In Jonathan Swift's "Gulliver's Travels," Gulliver encounters a small group of immortals, the struldbrugs. "Those excellent struldbrugs," exclaims Gulliver, "who, being born exempt from that universal calamity of human nature, have their minds free and disengaged, without the weight and depression of spirits caused by the continual apprehensions of death!"
But the fate of these immortals wasn't so simple, as Swift goes on to report. They were still subject to aging and disease, so that by 80, they were "opinionative, peevish, covetous, morose, vain, talkative," as well as "incapable of friendship, and dead to all natural affection, which never descended below their grandchildren." At 90, they lost their teeth and hair and couldn't carry on conversations.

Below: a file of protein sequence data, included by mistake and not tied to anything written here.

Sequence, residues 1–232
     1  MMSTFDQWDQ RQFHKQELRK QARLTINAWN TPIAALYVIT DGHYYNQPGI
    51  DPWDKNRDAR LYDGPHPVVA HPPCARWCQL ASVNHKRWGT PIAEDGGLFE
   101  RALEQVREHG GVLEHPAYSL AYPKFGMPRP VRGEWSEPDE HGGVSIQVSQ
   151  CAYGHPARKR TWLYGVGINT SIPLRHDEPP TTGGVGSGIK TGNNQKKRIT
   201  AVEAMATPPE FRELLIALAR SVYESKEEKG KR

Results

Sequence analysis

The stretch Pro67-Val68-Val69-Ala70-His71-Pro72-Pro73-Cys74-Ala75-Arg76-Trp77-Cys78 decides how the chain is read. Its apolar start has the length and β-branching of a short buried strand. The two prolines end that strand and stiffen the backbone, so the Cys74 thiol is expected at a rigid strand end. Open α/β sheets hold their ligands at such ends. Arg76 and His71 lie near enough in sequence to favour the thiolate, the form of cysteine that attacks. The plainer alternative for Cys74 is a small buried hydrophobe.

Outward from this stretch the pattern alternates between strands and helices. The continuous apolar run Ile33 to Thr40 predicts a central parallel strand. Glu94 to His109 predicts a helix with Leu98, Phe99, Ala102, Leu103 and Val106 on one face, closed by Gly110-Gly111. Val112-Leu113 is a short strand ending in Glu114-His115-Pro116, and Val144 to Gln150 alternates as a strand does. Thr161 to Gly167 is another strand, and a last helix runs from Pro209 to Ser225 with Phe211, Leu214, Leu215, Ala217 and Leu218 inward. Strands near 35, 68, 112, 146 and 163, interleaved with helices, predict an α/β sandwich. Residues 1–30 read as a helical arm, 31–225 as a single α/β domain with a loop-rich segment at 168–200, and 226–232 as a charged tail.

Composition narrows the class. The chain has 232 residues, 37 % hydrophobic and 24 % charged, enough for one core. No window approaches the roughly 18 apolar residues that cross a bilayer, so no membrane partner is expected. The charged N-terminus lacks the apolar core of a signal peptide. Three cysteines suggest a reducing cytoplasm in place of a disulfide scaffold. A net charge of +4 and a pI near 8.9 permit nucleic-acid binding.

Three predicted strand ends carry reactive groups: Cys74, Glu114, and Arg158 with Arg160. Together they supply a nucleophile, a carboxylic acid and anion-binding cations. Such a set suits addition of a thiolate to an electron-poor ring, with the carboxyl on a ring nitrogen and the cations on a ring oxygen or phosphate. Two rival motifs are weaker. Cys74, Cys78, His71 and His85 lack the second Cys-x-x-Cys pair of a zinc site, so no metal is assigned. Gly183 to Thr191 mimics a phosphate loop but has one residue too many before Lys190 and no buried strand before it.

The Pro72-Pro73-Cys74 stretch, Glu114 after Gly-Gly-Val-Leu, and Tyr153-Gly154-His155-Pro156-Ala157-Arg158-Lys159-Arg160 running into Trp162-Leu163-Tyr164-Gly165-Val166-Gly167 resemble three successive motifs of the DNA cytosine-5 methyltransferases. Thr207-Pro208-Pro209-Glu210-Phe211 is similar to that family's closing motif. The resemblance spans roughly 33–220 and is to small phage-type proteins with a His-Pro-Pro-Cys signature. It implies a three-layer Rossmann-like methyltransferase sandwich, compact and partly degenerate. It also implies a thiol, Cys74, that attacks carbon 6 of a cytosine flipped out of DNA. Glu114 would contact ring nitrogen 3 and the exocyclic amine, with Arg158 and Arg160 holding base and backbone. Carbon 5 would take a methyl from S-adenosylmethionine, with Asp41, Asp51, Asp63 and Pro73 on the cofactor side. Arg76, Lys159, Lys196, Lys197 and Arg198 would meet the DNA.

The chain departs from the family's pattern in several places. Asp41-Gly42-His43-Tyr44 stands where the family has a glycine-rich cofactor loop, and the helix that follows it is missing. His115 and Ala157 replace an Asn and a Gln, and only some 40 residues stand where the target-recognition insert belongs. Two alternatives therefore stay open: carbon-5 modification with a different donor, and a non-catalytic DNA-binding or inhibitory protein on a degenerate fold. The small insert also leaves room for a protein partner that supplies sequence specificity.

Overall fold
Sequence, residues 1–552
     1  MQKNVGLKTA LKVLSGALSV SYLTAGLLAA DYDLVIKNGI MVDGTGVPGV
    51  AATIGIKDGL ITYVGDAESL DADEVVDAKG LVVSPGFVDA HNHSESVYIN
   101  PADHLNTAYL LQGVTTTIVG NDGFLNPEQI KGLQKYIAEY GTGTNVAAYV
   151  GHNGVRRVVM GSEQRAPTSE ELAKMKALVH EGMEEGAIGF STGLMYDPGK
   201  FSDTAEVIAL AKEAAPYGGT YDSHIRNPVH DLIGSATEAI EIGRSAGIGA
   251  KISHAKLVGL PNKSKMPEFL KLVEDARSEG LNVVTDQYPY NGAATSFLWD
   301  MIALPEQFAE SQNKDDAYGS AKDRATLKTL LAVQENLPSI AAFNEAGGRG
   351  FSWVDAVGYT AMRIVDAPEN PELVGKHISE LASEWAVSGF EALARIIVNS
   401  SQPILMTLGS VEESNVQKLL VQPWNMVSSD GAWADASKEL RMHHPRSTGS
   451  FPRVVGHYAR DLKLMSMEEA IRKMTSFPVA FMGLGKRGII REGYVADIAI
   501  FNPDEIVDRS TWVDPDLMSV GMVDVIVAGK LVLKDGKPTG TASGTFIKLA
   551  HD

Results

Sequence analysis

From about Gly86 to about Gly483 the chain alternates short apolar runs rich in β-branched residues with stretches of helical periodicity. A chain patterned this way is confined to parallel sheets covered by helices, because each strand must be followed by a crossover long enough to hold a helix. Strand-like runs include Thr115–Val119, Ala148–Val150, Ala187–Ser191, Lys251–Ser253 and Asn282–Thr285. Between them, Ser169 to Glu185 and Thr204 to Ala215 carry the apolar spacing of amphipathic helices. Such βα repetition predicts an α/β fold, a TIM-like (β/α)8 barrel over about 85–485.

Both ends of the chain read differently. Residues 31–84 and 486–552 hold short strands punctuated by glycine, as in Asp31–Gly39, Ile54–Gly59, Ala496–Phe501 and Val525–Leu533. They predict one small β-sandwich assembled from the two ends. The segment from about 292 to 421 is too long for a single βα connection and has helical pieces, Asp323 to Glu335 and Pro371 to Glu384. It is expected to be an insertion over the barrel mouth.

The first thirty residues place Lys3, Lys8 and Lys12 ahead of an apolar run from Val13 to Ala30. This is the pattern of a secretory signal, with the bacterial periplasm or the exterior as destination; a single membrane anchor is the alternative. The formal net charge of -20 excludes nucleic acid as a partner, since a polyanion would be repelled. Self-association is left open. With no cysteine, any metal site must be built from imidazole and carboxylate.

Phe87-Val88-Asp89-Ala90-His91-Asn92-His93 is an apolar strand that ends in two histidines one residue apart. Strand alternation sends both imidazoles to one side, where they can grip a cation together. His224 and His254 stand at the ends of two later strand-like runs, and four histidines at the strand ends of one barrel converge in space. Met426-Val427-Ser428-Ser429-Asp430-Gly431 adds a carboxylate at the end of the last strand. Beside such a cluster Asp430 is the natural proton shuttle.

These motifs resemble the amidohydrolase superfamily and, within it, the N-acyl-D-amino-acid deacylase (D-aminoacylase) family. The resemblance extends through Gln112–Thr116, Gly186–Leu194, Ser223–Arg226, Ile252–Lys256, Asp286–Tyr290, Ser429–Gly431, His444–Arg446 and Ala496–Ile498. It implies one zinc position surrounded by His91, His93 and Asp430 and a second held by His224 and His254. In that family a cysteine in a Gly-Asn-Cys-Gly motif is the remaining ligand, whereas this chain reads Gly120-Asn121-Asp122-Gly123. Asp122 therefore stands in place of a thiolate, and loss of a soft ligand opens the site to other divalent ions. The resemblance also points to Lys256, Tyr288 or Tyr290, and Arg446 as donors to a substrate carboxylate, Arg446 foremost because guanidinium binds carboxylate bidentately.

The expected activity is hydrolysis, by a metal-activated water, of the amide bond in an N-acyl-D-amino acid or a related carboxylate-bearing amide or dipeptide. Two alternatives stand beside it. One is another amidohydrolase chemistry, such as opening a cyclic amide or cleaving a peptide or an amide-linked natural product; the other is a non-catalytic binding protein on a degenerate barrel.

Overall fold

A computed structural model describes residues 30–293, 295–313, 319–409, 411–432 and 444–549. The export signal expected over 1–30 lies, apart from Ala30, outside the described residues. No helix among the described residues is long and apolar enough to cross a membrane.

For as long as human beings have searched for the fountain of youth, they have also feared the consequences of extended life. Today we are on the cusp of a revolution that may finally resolve that tension: Advances in medicine an...